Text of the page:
Page:Popular Science Monthly Volume 82.djvu/521

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The second edition of the international "Who's Who in Science" (edited by H. H. Stephenson, London, 1913) gives a classified index, from which can be counted up the number of scientific men in different countries and in different sciences. The compilation favors Great Britain in the first instance and the United States in the second, and is not very critical. It gives, however, some idea of the relative numbers of scientific men in other than English-speaking countries. The United States is given first place in the possession of scientific men of the degree of distinction proposed for admission to the book, the figures for leading nations being as follows: United States, 1,678; Great Britain, 1,472; German Empire, 1,280; France, 423; Austria-Hungary, 348; Italy, 215; Switzerland, 214; Holland, 155; Canada, 146; Sweden, 109; Russia, 97; Denmark, 93; Belgium, 90; Norway, 88. The German Empire has thus about three times as many scientific men as France, which nation is now but little superior to Austria-Hungary, or the three Scandinavian nations. Italy and Switzerland have each about one half as many scientific men as France. Sweden, Russia, Denmark, Belgium and Norway have each about a quarter as many.

About one half of our scientific men hold the doctorate of philosophy from American universities and about three fourths of those receiving this degree continue to do scientific work. According to the compilation printed annually in Science, the average number of degrees conferred in the natural and exact sciences from 1898 to 1907 was 124; from 1908 to 1912 it increased to 212. As the number of scientific men added each year is about 50 per cent, above those who receive this degree, the total number added to the ranks of scientific men in this country during the past fifteen years would be about 3,500. The number of degrees of doctor of philosophy given in the sciences by the 21 German universities to Germans in 1909-10 was 564, which probably about represents the increase in the number of scientific men. It follows that at present we are producing about half as many scientific men as Germany; twenty years ago it was in the neighborhood of one fourth as many.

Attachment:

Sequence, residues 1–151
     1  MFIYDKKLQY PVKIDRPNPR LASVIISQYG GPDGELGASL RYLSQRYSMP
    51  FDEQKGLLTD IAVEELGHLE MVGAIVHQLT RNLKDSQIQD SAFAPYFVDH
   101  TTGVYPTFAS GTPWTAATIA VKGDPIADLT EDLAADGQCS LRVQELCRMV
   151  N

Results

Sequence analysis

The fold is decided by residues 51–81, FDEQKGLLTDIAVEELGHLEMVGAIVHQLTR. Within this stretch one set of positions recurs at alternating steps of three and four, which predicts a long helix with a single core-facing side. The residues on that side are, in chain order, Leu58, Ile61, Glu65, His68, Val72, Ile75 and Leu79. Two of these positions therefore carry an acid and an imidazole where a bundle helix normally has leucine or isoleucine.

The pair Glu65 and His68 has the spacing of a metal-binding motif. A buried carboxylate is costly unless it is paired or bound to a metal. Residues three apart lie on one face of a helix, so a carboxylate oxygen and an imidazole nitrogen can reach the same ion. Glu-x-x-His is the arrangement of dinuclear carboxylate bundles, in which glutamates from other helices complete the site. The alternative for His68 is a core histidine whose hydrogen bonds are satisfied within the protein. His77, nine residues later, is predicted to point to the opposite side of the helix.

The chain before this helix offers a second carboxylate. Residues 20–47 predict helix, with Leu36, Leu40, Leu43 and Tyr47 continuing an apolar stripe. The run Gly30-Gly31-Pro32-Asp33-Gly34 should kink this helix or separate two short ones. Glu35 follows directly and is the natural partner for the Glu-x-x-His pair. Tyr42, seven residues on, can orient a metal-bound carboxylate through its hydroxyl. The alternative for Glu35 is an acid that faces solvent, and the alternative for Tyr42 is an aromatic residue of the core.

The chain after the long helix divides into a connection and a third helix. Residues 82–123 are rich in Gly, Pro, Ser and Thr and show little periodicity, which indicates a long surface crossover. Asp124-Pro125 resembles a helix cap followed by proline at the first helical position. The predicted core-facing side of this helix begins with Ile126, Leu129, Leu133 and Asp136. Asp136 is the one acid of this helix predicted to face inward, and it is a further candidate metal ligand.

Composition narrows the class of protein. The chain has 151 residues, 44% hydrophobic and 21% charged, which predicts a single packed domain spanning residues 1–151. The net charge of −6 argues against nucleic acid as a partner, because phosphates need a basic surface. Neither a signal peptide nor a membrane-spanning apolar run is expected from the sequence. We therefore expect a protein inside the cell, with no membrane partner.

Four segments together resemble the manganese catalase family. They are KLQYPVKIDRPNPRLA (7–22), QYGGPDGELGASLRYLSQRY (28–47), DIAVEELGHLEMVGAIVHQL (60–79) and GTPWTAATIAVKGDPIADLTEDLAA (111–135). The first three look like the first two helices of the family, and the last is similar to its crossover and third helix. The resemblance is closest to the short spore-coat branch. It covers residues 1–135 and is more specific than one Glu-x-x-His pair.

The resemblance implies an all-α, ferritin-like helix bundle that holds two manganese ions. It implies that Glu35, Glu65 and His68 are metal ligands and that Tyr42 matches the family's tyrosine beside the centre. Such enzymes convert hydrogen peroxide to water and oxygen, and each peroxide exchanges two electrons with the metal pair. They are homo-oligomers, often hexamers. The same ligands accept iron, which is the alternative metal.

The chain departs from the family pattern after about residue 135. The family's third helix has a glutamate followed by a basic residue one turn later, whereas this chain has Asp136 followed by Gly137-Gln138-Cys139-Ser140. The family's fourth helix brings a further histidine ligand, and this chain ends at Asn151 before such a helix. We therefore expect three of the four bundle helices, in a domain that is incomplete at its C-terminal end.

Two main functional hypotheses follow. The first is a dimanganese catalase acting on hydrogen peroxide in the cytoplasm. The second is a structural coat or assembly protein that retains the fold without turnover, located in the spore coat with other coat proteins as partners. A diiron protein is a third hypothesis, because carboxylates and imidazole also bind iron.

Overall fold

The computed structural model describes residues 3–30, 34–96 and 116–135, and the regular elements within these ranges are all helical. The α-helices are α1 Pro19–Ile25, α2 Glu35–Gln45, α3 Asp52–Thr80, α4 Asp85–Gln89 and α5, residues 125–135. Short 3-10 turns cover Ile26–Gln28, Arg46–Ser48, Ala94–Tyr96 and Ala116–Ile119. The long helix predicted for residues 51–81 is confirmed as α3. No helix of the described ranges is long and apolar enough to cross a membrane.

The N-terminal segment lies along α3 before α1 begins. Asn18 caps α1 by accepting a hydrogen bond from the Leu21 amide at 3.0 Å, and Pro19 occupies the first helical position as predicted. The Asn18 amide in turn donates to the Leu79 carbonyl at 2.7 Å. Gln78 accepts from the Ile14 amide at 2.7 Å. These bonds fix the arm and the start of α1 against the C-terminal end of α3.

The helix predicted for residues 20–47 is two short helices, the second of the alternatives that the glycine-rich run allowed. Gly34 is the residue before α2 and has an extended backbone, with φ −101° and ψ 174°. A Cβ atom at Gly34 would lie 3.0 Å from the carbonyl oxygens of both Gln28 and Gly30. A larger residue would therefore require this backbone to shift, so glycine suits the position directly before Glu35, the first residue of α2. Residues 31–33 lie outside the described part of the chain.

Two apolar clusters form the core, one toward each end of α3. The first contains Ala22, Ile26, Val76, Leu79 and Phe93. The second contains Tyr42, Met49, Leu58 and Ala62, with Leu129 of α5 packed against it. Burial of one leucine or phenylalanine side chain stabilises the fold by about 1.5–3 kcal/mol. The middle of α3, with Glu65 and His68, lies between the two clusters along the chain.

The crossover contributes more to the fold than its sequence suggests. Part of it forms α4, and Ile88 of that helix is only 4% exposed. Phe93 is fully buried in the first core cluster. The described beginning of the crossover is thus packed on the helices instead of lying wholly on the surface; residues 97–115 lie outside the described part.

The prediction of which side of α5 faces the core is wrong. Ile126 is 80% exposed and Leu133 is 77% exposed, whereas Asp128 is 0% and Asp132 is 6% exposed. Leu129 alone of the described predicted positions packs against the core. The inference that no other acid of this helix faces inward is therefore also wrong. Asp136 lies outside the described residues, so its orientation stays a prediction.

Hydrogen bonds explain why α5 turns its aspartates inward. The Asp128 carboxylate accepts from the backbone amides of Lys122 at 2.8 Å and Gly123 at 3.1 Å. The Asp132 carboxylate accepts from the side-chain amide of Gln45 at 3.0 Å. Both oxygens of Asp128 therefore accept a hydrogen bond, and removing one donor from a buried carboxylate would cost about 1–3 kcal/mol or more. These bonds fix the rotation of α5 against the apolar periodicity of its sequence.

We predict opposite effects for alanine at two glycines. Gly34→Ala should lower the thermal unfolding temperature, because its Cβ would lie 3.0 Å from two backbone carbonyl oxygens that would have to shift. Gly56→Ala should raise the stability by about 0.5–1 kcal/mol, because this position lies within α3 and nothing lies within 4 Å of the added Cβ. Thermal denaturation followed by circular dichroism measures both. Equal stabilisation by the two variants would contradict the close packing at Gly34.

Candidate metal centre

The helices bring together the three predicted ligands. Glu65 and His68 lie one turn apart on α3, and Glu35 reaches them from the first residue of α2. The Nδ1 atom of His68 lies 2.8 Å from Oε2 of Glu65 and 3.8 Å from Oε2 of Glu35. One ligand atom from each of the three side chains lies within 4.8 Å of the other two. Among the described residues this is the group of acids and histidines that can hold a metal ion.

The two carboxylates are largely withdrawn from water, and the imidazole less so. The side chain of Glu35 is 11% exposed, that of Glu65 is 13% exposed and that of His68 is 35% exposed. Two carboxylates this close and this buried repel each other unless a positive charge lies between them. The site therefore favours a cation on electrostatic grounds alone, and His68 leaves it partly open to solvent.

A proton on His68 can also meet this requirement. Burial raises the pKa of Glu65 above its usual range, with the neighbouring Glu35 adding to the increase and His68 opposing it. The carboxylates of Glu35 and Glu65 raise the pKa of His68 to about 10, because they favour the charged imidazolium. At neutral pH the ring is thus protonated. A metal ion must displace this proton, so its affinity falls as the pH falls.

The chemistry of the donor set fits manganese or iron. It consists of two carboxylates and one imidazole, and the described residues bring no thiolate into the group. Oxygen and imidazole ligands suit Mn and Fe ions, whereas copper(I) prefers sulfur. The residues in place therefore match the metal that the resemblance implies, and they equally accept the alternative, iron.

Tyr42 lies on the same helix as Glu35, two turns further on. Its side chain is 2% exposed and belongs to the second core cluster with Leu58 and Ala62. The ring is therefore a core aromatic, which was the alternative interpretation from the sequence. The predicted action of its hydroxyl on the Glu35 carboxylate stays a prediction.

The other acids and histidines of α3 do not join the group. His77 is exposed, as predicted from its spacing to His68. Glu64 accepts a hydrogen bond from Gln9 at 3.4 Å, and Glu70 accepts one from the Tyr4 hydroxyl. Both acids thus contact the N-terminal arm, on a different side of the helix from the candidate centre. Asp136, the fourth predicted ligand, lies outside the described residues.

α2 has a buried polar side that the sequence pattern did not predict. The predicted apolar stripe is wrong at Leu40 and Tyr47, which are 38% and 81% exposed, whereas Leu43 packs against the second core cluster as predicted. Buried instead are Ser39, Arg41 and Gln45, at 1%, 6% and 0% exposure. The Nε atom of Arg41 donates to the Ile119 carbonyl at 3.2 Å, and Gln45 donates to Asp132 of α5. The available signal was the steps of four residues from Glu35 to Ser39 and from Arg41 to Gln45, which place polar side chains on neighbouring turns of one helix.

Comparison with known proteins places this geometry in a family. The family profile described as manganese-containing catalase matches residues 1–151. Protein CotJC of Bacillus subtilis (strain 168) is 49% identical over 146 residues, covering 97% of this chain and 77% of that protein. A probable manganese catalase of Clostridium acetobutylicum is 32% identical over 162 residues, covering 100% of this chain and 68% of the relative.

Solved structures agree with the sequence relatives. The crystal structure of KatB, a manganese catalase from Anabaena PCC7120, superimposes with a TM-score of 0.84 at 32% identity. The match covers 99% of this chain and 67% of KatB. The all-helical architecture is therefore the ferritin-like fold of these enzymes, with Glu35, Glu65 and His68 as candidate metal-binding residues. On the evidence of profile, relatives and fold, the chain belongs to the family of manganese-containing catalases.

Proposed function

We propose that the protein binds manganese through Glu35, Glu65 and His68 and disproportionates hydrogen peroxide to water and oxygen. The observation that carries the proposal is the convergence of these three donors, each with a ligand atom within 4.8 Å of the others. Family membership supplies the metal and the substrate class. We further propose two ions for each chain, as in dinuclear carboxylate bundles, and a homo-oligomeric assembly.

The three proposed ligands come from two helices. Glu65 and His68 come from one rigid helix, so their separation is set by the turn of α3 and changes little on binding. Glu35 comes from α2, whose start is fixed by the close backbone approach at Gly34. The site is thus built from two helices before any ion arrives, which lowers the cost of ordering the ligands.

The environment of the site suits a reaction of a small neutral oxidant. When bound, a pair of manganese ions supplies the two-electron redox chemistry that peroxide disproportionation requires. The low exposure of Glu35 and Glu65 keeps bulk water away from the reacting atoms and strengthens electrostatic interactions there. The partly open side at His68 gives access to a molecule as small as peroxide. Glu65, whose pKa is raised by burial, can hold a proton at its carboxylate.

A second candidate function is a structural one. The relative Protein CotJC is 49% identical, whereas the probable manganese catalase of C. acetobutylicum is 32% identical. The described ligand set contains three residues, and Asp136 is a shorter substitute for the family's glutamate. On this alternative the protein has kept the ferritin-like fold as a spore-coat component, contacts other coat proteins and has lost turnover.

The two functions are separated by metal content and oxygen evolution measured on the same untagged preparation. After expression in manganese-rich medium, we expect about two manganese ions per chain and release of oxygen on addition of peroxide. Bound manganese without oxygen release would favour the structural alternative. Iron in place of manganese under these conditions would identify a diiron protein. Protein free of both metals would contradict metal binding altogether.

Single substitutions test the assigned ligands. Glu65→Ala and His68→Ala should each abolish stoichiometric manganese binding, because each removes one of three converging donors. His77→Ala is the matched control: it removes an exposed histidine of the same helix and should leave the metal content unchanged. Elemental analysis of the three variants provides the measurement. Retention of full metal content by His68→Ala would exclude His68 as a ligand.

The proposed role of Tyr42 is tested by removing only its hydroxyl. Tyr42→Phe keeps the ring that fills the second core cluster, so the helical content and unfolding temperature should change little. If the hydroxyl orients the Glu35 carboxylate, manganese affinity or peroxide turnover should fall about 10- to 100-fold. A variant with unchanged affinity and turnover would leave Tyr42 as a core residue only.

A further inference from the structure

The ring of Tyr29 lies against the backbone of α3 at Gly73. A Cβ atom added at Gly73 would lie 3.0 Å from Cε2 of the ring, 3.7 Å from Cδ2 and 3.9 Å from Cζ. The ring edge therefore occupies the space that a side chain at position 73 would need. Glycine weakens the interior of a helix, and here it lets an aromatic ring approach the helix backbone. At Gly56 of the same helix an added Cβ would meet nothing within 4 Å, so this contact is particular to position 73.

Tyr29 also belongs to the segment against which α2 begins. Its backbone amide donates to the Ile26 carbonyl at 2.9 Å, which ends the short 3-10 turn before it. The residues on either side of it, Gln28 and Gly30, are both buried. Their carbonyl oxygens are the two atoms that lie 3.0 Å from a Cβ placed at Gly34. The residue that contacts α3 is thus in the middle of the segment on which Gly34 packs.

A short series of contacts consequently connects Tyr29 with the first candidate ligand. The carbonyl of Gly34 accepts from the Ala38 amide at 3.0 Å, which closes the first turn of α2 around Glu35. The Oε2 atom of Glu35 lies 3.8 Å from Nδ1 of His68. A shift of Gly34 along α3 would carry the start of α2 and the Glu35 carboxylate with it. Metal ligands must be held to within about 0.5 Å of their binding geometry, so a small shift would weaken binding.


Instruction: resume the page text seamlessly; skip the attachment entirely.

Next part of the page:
If we make the assumption that the numbers of scientific men entered in the international "Who's Who in Science" for the continental nations should be increased fourfold to correspond with the entries for the United States and the United Kingdom and that there are 6,000 scientific men in the United States, the numbers for the different nations would be approximately: Germany, 18,000; France, 6,000; United States, 6,000; Great Britain, 5,000; Austria, 5,000; Italy, 3,000; Switzerland, 3,000; Holland, 2,000; Sweden, Russia, Denmark, Belgium and Norway, 1,500; Canada, Spain, Portugal, 500; Bulgaria, Roumania, 150; Servia, Greece, 25. For the other continents the figures would be roughly: Asia, 2,000; Central and South America, 500; Australia, 500; Africa, 300. The number of men now living who have made contributions to the advancement of science is consequently in the neighborhood of 60,000, of whom about one tenth live in the United States. The number of scientific men per million population in 1860 (the approximate average date of their birth) would be for the several countries: Switzerland, 1,200;